Kelly Reichardt’s richly detailed cinematic canvases have changed little in composition in her two decades of filmmaking. The world in which that art gets displayed has grown increasingly fast-paced and task-oriented. Each successive Pacific Northwestern-set film with its unhurried pace and character (as opposed to action) driven story feels slightly more rebellious than the last.
An well-known dictum from Henry David Thoreau’s “Walden” often gets deployed when describing the kinds of people on screen in Reichardt’s latest film, “Certain Women.” As the great American wordsmith put it, “The mass of [wo]men lead lives of quiet desperation.” Each of the four primary characters in the film’s three segments appears calm and relatively nonplussed by their circumstances. But beneath the stillness, a river of malcontent flows.
We do not spend but a brief episode with each of them, though their silent struggles are wholly realized. “Certain Women” lingers in the dead space between two questions Stanislavsky says all actors must answer for their characters – “What do I want?” and “What do I do to get what I want?” Reichardt never plays a story with as vague an objective as happiness or contentment, either. Laura Dern’s Laura Wells, a lawyer working with an obstinate and entitled male client, wants relief and understanding her trying scenario. Michelle Williams’ Gina Lewis, the yoga pants-clad mother and wife, wants the kind of satisfaction that can only come from swindling an elderly man into selling them sandstone at a cheap price.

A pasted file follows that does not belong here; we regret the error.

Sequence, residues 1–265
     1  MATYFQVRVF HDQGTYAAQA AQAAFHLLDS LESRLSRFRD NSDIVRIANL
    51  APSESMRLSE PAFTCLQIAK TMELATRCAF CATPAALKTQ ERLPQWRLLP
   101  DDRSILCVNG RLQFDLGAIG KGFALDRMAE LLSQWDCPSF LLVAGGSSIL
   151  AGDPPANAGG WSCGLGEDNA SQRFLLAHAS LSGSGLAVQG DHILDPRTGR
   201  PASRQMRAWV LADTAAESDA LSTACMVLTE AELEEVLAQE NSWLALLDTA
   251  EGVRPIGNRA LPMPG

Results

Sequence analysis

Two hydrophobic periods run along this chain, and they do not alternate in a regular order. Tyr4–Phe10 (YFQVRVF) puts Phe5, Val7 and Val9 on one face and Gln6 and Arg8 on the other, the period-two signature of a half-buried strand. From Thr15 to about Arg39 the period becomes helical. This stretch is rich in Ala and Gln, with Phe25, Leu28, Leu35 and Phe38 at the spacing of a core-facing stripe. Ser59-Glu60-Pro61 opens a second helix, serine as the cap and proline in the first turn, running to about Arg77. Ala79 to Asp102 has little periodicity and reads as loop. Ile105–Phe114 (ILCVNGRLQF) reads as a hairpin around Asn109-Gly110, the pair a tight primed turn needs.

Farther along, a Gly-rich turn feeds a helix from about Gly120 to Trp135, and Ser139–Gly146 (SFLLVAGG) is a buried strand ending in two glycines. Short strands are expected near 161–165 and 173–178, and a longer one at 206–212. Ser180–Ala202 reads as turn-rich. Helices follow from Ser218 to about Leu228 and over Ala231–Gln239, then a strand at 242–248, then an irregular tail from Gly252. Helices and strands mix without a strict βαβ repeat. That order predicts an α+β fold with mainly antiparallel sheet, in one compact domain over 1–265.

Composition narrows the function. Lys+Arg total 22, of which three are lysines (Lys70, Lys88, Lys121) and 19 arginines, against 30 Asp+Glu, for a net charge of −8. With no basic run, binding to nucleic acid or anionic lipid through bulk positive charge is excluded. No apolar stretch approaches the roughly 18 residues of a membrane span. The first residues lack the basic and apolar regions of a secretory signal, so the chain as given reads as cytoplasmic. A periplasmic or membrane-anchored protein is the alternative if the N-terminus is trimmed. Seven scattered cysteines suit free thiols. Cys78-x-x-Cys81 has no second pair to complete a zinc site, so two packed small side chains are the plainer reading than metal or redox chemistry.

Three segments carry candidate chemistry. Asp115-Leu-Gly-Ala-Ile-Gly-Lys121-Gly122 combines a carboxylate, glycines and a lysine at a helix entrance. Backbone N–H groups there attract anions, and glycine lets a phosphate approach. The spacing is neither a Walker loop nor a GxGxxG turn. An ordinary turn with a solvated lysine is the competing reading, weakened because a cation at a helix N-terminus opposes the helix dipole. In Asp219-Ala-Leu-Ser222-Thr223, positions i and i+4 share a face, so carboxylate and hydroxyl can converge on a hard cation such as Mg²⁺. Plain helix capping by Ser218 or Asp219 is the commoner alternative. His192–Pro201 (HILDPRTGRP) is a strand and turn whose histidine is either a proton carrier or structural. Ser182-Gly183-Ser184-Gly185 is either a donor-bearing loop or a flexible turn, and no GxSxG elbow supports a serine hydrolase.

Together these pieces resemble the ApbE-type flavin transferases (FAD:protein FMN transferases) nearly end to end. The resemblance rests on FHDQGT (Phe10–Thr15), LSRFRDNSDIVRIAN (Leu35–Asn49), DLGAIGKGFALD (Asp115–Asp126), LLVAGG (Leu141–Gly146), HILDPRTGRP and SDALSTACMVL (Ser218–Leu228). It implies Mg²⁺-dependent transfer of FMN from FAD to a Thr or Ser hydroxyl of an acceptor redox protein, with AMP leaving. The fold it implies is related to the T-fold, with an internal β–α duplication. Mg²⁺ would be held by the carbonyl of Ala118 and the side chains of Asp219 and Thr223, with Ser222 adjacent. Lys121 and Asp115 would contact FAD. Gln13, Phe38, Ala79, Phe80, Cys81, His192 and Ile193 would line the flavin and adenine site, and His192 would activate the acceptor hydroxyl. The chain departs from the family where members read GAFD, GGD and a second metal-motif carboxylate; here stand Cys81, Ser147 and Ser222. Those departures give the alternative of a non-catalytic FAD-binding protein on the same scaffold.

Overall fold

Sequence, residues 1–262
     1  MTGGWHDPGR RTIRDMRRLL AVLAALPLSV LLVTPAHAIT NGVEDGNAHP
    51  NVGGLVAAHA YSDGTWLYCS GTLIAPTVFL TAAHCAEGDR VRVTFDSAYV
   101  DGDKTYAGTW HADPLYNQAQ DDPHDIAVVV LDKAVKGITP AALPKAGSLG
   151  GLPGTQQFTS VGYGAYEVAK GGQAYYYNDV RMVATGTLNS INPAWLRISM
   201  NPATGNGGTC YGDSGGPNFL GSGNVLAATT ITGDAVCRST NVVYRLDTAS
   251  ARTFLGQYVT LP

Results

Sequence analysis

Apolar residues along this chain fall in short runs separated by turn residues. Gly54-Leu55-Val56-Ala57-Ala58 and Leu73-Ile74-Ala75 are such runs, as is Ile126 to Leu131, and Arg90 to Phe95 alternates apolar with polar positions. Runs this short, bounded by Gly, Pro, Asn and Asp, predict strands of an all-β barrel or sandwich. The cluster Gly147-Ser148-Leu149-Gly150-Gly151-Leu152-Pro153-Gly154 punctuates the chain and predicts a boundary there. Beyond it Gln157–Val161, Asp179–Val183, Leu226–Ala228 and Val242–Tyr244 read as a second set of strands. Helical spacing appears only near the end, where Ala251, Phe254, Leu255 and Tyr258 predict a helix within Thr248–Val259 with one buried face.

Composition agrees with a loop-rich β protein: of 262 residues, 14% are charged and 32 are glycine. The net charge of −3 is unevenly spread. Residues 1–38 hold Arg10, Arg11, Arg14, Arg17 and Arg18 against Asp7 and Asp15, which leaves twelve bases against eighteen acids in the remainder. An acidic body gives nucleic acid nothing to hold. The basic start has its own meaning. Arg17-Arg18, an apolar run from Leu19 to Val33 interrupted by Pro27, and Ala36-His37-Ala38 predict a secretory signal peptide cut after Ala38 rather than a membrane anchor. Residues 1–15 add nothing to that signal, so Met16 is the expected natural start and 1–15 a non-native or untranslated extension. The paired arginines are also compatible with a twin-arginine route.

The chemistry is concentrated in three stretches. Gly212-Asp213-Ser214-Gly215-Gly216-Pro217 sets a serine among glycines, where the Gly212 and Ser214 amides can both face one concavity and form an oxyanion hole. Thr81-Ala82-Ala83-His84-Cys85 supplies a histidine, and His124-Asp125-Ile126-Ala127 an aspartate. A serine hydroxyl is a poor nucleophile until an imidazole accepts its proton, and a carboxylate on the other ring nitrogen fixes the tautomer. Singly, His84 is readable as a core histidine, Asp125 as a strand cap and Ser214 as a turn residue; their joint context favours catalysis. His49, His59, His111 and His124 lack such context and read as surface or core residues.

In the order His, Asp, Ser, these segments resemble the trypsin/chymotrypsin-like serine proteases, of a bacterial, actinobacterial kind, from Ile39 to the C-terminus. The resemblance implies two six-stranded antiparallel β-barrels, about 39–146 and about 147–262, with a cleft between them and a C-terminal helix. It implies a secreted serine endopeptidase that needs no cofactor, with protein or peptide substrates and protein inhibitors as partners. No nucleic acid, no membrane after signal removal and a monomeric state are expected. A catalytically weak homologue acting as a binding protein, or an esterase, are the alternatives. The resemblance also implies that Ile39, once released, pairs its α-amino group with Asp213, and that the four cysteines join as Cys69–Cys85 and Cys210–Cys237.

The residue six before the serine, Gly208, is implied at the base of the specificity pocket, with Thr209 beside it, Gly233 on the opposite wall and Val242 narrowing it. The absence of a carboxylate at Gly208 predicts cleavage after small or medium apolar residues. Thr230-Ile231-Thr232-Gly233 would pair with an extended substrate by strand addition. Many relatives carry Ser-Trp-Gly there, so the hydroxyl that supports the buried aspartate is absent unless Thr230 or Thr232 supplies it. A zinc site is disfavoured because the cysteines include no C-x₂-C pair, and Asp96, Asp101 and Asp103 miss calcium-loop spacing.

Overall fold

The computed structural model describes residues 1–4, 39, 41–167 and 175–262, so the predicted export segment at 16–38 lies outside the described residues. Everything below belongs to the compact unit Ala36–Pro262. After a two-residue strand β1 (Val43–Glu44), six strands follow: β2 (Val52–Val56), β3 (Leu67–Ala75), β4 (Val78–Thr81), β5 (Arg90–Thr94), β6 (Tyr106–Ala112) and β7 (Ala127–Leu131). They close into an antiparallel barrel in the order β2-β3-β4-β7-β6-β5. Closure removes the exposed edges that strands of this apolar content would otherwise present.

In the most devastating portion of the triptych, the shy farmhand Jamie (Lily Gladstone) desperate for connection makes feeble attempts to befriend a community college adjunct professor, Kristen Stewart’s Beth Travis. For whatever reason, Beth has decided to take on an eight-hour roundtrip commute to teach a class which brings her no obvious intrinsic value or monetary gain. They share many a dinner but precious little of themselves.
While moving at a speed that many would compare to molasses, Jamie and Beth seem like they could use the kind of diuretic that “Certain Women” provides. By focusing on the small gestures, the simple systems governing our livelihoods, and the moments between moments, Reichardt creates a space to simply stop and live. Once you locate the rhythm of the film and arrive on its wavelength, the atmosphere of striving slowly amidst disappointment becomes gloriously overwhelming. B+ /